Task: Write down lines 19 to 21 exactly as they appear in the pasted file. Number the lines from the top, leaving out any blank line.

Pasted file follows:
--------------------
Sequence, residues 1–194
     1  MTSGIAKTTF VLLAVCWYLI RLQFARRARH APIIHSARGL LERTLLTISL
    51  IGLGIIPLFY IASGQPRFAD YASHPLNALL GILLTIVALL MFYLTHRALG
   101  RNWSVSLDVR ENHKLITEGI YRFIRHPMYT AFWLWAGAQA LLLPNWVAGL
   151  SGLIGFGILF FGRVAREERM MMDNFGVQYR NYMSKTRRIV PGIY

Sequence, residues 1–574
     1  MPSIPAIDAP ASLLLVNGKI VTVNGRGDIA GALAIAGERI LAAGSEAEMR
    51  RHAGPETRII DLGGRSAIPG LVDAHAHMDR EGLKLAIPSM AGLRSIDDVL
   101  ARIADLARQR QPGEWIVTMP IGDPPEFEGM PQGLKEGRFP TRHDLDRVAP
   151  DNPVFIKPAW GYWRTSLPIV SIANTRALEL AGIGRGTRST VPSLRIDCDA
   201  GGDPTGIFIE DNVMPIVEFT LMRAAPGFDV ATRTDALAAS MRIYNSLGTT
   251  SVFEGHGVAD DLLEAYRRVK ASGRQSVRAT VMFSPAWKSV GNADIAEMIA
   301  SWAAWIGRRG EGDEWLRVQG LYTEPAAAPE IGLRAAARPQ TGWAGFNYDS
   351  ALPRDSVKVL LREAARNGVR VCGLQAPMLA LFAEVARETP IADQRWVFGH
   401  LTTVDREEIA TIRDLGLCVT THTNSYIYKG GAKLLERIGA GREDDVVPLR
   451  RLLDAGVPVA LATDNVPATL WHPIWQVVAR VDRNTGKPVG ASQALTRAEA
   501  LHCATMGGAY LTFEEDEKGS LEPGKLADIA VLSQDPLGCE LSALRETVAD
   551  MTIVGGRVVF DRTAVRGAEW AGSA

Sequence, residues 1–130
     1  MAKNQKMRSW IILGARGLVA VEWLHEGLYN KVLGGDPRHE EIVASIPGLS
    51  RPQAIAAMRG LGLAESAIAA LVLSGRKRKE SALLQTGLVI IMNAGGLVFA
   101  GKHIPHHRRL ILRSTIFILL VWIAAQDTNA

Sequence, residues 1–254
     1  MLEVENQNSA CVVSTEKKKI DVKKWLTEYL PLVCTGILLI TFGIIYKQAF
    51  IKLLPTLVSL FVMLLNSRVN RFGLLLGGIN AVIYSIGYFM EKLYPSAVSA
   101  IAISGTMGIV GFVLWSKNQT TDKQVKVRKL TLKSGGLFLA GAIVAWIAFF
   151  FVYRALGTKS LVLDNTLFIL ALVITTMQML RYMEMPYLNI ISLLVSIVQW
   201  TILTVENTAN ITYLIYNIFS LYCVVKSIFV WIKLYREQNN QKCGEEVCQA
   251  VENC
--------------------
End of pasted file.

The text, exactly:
Sequence, residues 1–130
     1  MAKNQKMRSW IILGARGLVA VEWLHEGLYN KVLGGDPRHE EIVASIPGLS
    51  RPQAIAAMRG LGLAESAIAA LVLSGRKRKE SALLQTGLVI IMNAGGLVFA